Additional results from June 2014 include:
• Median inflation expectations at both the one-year and three-year ahead horizons were stable at 3.2 and 3.3 percent in June. Inflation uncertainty at both horizons also remained essentially unchanged.
• Median home price change expectations and home price change uncertainty changed little, with an overall median expected home price increase of 3.9 percent and a persistent regional gap with the median home price change expectation in the West remaining 1.5 to 2 percent higher than in the other regions of the country.
• There was also little change in median food, gas, rent and medical care price change expectations, with the exception of a rebound in the median expected change in the cost of a college education which increased from 7.9 percent to 9.1 percent fully reversing the decline observed in May.
• Median earnings growth expectations increased to 2.5 percent (from 2.0 percent in May), returning to levels observed in the first quarter of 2014. The increase in the overall median was driven primarily by respondents with no college education.
• The mean perceived probability of job loss fell to 14.7, matching the earlier low seen in June 2013. The fall was driven by respondents with no college education and with lower household incomes. The mean probability of leaving one’s job voluntarily in the next year instead remained unchanged in June.
• The mean probability of finding a job in three months among the currently employed (if current job was lost) rose to 51.8 percent, a new 13-month high. The increase was driven by increases in the expected job finding rate of respondents with no college education and with lower household incomes.
• The median household income growth expectation increased slightly from 2.3 percent in May to 2.6 percent in June, but remained within the narrow band (2.0 – 2.6) observed over the last 12 months. Median household spending expectations increased slightly from 4.5 percent to 4.7 percent.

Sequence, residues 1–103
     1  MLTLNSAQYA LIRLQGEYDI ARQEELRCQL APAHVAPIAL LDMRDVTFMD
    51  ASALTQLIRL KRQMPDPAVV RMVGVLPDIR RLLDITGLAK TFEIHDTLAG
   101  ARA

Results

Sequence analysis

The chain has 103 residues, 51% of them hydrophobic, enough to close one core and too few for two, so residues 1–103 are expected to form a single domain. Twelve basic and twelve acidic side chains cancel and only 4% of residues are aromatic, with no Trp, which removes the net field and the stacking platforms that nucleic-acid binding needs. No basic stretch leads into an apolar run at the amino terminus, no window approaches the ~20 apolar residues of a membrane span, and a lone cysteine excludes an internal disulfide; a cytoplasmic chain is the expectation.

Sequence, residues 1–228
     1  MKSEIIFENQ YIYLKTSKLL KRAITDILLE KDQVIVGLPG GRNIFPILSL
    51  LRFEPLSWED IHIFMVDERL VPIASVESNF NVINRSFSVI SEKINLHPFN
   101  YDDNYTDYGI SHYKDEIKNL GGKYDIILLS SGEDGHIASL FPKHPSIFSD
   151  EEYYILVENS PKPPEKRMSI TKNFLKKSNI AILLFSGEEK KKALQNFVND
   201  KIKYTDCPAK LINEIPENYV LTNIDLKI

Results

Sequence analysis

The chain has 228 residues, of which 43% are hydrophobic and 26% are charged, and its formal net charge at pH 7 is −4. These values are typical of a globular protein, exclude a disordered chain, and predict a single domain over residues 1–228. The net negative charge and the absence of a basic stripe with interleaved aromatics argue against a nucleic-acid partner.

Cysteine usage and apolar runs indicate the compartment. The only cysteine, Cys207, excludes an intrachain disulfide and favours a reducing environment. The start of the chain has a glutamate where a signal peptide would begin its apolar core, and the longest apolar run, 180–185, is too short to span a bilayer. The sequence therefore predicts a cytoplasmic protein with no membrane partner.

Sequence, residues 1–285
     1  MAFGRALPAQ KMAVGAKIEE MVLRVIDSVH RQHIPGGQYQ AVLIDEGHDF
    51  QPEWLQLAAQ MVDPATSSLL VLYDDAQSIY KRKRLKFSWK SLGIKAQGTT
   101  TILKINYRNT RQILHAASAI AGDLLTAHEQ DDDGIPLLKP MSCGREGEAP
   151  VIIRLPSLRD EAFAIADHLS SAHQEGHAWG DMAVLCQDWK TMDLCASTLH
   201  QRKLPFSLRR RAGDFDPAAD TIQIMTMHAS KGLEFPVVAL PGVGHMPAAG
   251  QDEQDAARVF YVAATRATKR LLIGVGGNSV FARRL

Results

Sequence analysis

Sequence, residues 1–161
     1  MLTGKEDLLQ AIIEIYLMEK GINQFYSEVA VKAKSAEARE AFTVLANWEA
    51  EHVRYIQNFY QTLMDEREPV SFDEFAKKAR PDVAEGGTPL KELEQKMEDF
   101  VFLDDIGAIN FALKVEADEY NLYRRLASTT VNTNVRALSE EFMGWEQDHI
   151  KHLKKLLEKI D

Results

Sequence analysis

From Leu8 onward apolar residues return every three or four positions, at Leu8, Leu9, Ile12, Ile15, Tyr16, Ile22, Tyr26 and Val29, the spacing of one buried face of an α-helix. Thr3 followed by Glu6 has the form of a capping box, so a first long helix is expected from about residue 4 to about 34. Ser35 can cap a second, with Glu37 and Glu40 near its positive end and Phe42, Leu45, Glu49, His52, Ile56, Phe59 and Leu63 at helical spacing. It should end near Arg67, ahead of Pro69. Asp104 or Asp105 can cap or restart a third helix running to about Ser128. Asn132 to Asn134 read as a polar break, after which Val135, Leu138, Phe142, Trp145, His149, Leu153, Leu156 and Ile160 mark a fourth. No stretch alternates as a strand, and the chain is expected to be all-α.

• Perceptions of credit availability remained essentially unchanged from May both relative to one year ago and looking ahead to a year from now.
• The mean probability of not being able to make a minimum debt payment continued to improve, reaching a new 12-month low in June of 13.6.
About the Survey of Consumer Expectations
The SCE contains information about how consumers expect overall inflation and prices for food, gas, housing and education to behave. It also provides insight into Americans’ views about job prospects and earnings growth and their expectations about future spending and access to credit. The SCE also provides measures of uncertainty in expectations for the main outcomes of interest. Expectations are also available by age, geography, income, education and numeracy.
The SCE is a nationally representative, internet-based survey of a rotating panel of approximately 1,200 household heads. Respondents participate in the panel for up to twelve months, with a roughly equal number rotating in and out of the panel each month. Unlike comparable surveys based on repeated cross-sections with a different set of respondents in each wave, our panel allows us to observe the changes in expectations and behavior of the same individuals over time.
The survey is conducted on our behalf by The Demand Institute, a non-profit organization jointly operated by The Conference Board and Nielsen. The sampling frame for the SCE is based on that used for The Conference Board’s Consumer Confidence Survey (CCS). Respondents to the CCS, itself based on a representative national sample drawn from mailing addresses, are invited to join the SCE internet panel.